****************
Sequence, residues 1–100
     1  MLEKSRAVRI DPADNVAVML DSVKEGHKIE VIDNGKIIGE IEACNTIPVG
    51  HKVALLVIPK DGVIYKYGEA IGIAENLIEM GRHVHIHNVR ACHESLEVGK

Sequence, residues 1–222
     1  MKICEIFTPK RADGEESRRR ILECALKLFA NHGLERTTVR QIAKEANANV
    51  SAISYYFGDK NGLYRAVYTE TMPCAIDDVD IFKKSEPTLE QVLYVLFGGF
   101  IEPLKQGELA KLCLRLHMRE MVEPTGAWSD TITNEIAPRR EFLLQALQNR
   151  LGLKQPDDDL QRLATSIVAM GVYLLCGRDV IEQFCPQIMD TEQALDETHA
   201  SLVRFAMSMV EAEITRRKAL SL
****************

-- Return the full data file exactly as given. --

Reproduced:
Sequence, residues 1–100
     1  MLEKSRAVRI DPADNVAVML DSVKEGHKIE VIDNGKIIGE IEACNTIPVG
    51  HKVALLVIPK DGVIYKYGEA IGIAENLIEM GRHVHIHNVR ACHESLEVGK

Sequence, residues 1–222
     1  MKICEIFTPK RADGEESRRR ILECALKLFA NHGLERTTVR QIAKEANANV
    51  SAISYYFGDK NGLYRAVYTE TMPCAIDDVD IFKKSEPTLE QVLYVLFGGF
   101  IEPLKQGELA KLCLRLHMRE MVEPTGAWSD TITNEIAPRR EFLLQALQNR
   151  LGLKQPDDDL QRLATSIVAM GVYLLCGRDV IEQFCPQIMD TEQALDETHA
   201  SLVRFAMSMV EAEITRRKAL SL